Beakers: form, decoration, fabric, style and condition

Ros Cleal
 
(National Trust) Curator, Alexander Keiller Museum, Avebury, Wiltshire
 
The five Beaker pots from the grave are an exceptional group, both in terms of number of vessels and quality. No other single burial has so many Beaker pots as grave goods, the most common number of Beakers in a grave being one.
 

The pots

The pair of pots in front of the Archer’s face are almost identical. Both pots are decorated with horizontal lines of ver fine plaited cord, pressed into the clay when damp. This is an unusual form of cord decoration in both Britain and Europe.
 
Neither of these pots seems to be complete. This may be because the pots were not well-fired, which in turn may be because the potter was aiming to produce a darker finish than the orange-red colour that is usual on Beakers. Producing a darker colour is more difficult than going for a full oxidising firing and may have led to under-firing. If that is so the pots are unlikely to have stood up to much use before they were put in the grave, and so it is likely they were made for the funeral and burial.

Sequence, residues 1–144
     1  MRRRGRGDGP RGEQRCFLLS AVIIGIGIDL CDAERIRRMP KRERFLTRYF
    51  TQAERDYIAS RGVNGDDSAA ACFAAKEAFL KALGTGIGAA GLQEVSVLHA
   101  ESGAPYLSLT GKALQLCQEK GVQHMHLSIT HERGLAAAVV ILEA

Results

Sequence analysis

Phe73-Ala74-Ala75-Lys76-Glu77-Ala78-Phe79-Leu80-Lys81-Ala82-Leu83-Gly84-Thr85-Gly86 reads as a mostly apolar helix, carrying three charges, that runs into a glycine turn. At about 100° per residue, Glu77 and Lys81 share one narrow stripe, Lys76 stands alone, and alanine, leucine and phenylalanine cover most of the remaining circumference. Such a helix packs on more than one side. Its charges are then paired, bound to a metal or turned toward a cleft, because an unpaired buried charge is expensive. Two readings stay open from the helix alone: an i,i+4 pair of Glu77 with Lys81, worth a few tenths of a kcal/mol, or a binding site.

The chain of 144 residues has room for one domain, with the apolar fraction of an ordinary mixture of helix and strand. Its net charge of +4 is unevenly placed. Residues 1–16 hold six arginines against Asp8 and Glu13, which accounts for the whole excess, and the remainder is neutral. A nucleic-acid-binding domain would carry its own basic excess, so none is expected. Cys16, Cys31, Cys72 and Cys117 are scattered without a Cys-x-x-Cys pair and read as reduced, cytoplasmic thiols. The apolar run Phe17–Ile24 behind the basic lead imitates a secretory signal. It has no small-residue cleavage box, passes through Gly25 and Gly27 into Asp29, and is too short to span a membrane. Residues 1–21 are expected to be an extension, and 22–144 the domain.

Two of the other vessels may also be a pair, made by the same potter or potters working closely together. These are a Beaker with all over comb decoration and a Beaker of very similar form and fabric which is decorated with horizontal lines of comb impression with attached ‘fringes’ of triangles pendant or upstanding from the groups of horizontal lines. This ‘fringe’ motif is a very Scottish phenomenon which makes its appearance in Wiltshire unusual.
 
The remaining Beaker carries all-over single cord impressions as horizontal lines. The vessel seems slightly more worn than the others and it may be an older pot used by the Archer or his family and not made specifically for burial.